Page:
In 2011, a couple of voter ID bills were introduced, but none passed. In 2012, Virginia amended the existing law to allow additional forms of identification (a valid student ID from a Virginia college or university, a copy of a current utility bill, bank statement, or government check or paycheck, or a concealed handgun permit). So, contrary to the national trend, Virginia has actually made it easier for voters to fulfill the requirement of the law. Though the same amendment also requires that if an acceptable ID cannot be shown, the voter can cast only a provisional ballot, to be counted only if the voter submits the necessary identification within three days of the election (previously, a voter without an acceptable ID could cast a ballot after signing an affidavit stating she or he was the named registered voter). None of these changes, however, can go into effect until they’ve been approved by the U.S. Department of Justice under the Voting Rights Act.

2. Registration regulations, Early voting restrictions: The United States is one of the few democracies that place the burden of voter registration entirely on citizens themselves (the others are Bahamas, Belize, and Burundi). Several policies have been enacted recently to make the process more difficult. For instance, four states now require documentary proof of citizenship when registering to vote (before 2005, no state required this); two states have limited community-based voter registration drives (Florida, Texas); several states have sought to eliminate Election-Day registration (still pending). All of these policies are expected to disproportionately impact minority voters.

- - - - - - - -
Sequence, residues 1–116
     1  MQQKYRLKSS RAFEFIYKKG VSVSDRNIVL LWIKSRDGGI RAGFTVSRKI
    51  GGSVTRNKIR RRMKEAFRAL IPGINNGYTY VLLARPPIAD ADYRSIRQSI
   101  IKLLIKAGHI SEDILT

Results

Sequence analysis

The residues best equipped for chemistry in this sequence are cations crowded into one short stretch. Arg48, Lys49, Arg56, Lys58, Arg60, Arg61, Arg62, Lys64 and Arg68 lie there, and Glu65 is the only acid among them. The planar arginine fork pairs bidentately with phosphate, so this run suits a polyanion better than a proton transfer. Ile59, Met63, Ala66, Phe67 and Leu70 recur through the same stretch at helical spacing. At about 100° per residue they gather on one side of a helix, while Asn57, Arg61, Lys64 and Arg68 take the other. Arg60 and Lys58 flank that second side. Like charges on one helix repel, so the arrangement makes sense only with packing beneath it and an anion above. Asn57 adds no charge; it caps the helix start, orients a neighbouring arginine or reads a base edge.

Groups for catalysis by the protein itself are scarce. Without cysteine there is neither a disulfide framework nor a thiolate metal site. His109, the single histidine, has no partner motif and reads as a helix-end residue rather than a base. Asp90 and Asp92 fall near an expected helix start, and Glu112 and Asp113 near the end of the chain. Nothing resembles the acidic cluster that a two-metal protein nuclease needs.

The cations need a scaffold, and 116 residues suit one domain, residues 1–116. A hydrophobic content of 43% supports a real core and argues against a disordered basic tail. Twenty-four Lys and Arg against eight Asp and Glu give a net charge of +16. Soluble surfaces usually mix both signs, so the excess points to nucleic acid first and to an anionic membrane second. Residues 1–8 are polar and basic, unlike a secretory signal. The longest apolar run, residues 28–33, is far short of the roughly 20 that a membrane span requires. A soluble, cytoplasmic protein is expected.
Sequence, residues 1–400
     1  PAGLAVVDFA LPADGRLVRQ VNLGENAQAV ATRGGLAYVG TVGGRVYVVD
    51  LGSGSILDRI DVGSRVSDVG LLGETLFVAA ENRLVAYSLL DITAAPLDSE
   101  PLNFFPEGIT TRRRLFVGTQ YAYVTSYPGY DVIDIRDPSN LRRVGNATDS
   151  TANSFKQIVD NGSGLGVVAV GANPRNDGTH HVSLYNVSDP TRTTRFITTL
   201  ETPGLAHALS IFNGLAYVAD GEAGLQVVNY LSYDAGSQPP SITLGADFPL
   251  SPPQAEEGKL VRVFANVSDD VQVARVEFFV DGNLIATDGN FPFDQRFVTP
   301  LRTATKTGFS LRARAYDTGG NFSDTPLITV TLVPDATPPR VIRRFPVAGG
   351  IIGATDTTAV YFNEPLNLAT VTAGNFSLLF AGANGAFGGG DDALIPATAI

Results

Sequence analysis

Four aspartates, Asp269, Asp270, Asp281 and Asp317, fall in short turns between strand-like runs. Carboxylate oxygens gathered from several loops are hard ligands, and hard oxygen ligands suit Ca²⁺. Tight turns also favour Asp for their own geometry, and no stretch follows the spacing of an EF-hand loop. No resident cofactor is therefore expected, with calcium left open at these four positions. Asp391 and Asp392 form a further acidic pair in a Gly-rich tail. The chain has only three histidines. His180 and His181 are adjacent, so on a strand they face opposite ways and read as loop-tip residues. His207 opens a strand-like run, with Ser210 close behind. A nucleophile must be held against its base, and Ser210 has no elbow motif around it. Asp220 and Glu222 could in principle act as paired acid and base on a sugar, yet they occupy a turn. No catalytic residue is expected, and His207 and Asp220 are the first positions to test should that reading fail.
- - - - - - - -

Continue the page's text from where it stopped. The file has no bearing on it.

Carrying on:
In addition, five states reduced early voting (Florida, Georgia, Ohio, Tennessee, and West Virginia), with legislation in additional states still pending.

3. Restoring voting rights: The United States is one of two democracies in which a large number of people convicted of felonies are disenfranchised after completing their sentences (Belgium is the other). Iowa and Florida have been in the news because they had made sweeping changes to ease the restoration of voting rights in the recent past (2005 and 2007, respectively), but last year governors in both states reversed the reforms, returning to a policy of de facto permanent disenfranchisement (the same policy as Virginia). Nationally, about 5.85 million people are disenfranchised due to felony convictions; only a quarter of those are in prison. Nearly half are ex-felons who have completed their time in prison, probation, or parole. Nearly 8 percent of the adult African American population is disenfranchised compared to 2 percent of the non-African American population.

In short, the election rules matter. They make it systematically easier or harder for citizens to vote. Policies that erect barriers to voting generally fall harder on the segments of the population with fewer resources to overcome them, resources like information, time, money, experience navigating bureaucracy. More subtly, election rules, and their more or less restrictive nature, send clear signals to the public about the value and legitimacy of their participation in the democratic process.

You can read the full report here.

Michele Claibourn is a Research Associate at the University of Virginia’s Weldon Cooper Center for Public Service where she specializes in statistical modeling and civic engagement. She’s the author of Presidential Campaigns and Presidential Accountability.